The bus across Tanzania

The following is a letter to the Church School students of Christ the Savior Orthodox Church in Cincinnati, Ohio, sent on 18 September 2010.

Dear friends,

Furaha na amani! Joy and peace!

This is how Orthodox Christians greet one another here in Mwanza, Tanzania.  And I send you very warm greetings from Mwanza.

Last time I wrote you, I was studying the Swahili language in Dar es Salaam, which is Tanzania’s biggest city on the coast of the Indian Ocean.  I was there for five months: while you were on vacation, I was in school and working hard!

But yesterday, I got on the bus and traveled inland to Mwanza, which is Tanzania’s second-largest city, and is on the coast of Lake Victoria (the second-largest lake in the world).  This is where I hope to be based for the next two years.  Since I’ve just arrived, I don’t have a lot to tell you yet about Mwanza!  So instead, let me tell you what it’s like to take the bus across Tanzania.

Very few Tanzanians drive cars, and flying is VERY expensive, so most people travel long-distance by bus.  Tanzania is as big as Texas and Oklahoma combined, with poor roads, so the distances are very long indeed.  My bus left at six o’clock in the morning, along with about one hundred other buses going to destinations all over the country.  We arrived in Mwanza at eleven PM.

Between Dar es Salaam and Mwanza is a very big national park called the Serengeti.  Maybe you’ve heard of it, or maybe you’ve seen pictures on the Discovery Channel or in National Geographic of lions and elephants and wildebeest and the many other wildlife in the Serengeti.

I didn’t get to see the animals, because the bus didn’t go through the Serengeti.  There are no big roads going through the park, which means that we have to go way, way south to get around it- and then way, way north again.  That’s one reason why the trip is so long.  We passed through four large cities, but between the cities there are very few people.  It’s flat, dry land with baobab trees.  A baobab is a huge tree that looks like it’s been planted upside-down with its roots in the air.  They’re really fun to look at.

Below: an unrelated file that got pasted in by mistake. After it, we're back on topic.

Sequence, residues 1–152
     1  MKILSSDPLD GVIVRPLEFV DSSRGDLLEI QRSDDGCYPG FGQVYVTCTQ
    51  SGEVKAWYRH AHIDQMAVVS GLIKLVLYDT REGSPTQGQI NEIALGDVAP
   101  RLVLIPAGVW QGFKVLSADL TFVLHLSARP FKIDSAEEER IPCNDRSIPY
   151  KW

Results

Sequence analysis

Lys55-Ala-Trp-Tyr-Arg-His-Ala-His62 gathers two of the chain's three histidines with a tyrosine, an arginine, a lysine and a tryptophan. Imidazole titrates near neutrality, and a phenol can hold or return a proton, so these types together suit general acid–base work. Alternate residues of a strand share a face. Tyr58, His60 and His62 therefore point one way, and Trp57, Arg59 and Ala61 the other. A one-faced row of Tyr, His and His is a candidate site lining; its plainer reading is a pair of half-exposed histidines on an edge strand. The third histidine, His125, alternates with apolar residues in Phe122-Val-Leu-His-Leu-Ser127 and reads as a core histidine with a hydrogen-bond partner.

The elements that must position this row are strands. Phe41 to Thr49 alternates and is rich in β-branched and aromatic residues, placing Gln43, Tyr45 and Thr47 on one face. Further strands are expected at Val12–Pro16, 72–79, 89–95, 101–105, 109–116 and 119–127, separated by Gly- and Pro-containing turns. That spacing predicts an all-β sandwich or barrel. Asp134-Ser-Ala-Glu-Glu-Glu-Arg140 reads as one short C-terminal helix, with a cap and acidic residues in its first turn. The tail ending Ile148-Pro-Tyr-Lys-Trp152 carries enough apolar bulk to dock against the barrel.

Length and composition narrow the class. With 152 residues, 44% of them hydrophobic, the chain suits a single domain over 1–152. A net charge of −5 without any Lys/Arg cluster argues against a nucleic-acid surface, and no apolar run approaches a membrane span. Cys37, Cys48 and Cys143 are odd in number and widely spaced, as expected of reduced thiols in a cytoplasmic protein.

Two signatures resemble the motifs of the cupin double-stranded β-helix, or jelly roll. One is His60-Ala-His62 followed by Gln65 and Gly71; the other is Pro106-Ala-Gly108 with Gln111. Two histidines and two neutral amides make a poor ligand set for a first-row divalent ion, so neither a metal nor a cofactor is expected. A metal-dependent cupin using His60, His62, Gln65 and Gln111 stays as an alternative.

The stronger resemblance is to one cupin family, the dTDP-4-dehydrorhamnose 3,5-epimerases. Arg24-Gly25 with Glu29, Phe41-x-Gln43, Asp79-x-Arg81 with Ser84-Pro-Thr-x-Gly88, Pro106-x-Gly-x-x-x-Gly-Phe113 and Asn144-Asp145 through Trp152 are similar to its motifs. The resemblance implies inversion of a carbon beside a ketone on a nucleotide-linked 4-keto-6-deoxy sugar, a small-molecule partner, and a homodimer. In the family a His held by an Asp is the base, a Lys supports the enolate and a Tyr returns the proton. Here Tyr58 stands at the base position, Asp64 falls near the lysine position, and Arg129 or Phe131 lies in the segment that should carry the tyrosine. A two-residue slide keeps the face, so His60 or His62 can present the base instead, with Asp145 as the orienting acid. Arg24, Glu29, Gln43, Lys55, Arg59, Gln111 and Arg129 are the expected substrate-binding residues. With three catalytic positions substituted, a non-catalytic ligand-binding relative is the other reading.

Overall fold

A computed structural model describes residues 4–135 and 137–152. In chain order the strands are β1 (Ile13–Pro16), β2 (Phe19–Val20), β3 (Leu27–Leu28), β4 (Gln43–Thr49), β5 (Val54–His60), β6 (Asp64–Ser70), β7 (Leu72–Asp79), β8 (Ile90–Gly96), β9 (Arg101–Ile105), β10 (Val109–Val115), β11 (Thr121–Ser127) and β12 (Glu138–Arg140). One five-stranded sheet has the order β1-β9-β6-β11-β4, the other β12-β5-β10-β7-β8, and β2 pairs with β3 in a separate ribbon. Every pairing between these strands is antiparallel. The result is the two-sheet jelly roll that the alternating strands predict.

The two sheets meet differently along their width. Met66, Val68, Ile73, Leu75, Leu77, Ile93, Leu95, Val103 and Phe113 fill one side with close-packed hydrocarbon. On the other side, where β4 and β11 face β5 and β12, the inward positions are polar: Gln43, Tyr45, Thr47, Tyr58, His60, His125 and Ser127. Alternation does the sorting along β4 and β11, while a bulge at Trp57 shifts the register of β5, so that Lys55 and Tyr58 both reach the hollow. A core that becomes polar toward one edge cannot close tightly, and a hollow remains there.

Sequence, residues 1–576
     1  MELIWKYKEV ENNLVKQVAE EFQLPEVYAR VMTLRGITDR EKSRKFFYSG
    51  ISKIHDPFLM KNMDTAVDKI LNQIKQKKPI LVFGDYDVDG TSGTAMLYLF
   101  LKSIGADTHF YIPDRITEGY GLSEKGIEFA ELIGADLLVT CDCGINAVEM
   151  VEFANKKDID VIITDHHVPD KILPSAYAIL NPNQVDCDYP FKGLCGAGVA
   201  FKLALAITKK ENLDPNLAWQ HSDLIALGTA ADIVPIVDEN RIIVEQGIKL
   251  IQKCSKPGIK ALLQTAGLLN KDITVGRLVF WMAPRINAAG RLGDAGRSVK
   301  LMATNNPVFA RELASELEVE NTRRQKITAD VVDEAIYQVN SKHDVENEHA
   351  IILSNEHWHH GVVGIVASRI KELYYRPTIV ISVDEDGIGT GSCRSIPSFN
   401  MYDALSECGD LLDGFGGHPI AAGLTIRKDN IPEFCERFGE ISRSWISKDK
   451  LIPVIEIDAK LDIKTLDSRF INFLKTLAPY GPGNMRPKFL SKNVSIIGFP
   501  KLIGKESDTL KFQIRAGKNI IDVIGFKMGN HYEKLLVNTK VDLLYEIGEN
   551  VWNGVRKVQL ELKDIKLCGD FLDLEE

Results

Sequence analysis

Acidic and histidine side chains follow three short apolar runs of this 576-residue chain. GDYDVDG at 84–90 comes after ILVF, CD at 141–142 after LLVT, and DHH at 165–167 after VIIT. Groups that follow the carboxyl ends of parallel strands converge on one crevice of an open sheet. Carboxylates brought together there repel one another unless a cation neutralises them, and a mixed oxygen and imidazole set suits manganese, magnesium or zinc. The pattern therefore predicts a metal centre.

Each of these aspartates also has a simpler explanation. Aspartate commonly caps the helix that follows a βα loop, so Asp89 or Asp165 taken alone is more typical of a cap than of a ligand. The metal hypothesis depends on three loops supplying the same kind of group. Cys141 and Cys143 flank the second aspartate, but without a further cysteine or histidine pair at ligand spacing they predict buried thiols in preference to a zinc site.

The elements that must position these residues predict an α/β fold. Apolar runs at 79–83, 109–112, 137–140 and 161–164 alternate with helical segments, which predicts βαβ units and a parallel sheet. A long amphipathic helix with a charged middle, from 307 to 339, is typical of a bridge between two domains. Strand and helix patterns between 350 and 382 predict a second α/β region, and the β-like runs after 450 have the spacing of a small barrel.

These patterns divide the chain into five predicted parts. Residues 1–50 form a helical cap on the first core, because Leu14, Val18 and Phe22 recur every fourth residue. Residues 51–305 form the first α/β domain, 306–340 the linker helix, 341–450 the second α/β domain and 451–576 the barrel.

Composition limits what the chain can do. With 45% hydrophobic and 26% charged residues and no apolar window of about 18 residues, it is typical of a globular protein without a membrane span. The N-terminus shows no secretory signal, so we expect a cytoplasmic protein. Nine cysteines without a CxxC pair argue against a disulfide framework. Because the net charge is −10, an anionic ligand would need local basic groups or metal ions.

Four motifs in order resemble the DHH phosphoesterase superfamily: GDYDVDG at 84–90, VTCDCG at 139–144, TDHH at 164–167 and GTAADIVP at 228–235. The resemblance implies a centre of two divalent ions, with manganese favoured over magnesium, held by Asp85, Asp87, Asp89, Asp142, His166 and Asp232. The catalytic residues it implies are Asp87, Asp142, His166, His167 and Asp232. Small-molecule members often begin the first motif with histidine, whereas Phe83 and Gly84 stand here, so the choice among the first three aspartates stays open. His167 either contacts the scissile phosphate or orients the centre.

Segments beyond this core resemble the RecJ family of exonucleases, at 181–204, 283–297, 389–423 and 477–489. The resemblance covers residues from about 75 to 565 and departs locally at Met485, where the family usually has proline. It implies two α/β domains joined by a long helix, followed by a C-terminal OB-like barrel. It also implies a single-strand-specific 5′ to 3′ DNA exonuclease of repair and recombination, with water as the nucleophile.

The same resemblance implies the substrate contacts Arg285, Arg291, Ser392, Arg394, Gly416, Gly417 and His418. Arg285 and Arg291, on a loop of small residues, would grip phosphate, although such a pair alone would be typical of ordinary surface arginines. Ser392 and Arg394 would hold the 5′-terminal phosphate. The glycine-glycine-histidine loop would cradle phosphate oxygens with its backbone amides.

Most houses that I saw in the countryside were made out of mud or out of straw.  There are some farms where people grow sisal (a plant that you make ropes out of), and there is a lot of pasture land for cattle.  The cows here are smaller than American cows, and they have big humps on their shoulders.  They are able to find food and do well in the hot, dry scrubland where they graze.

Most of the trip was on pretty good paved roads with no potholes.  But nothing like the interstate: two-lane roads count as major highways here in Tanzania!  And for two hours of the trip, the road wasn’t even paved.  It was pretty bumpy, and REALLY dusty.  Some of us closed our windows to keep out the dust, but if you close the windows it gets really hot and stuffy (no air conditioning).  So many of us, including myself, kept our windows open and then held handkerchiefs over our mouths so that we wouldn’t breathe too much dust.

Then, many hours after dark, the bus arrived.  I slept well last night!  Mwanza is a city full of gigantic rocks.  Some houses are even built right on top of boulders.  It’s very pretty.  And Metropolitan Jeronymos welcomed me warmly today.  I’m very happy to be here.

One of my jobs here in Mwanza will be to work on developing the Archdiocese’s youth program.  This means I may spend a lot of time in the villages getting to know young people and learning about their lives.  I look forward to telling you more about what I learn!

Please keep me in your prayers.  And stay in touch!

In Christ,

James Hargrave


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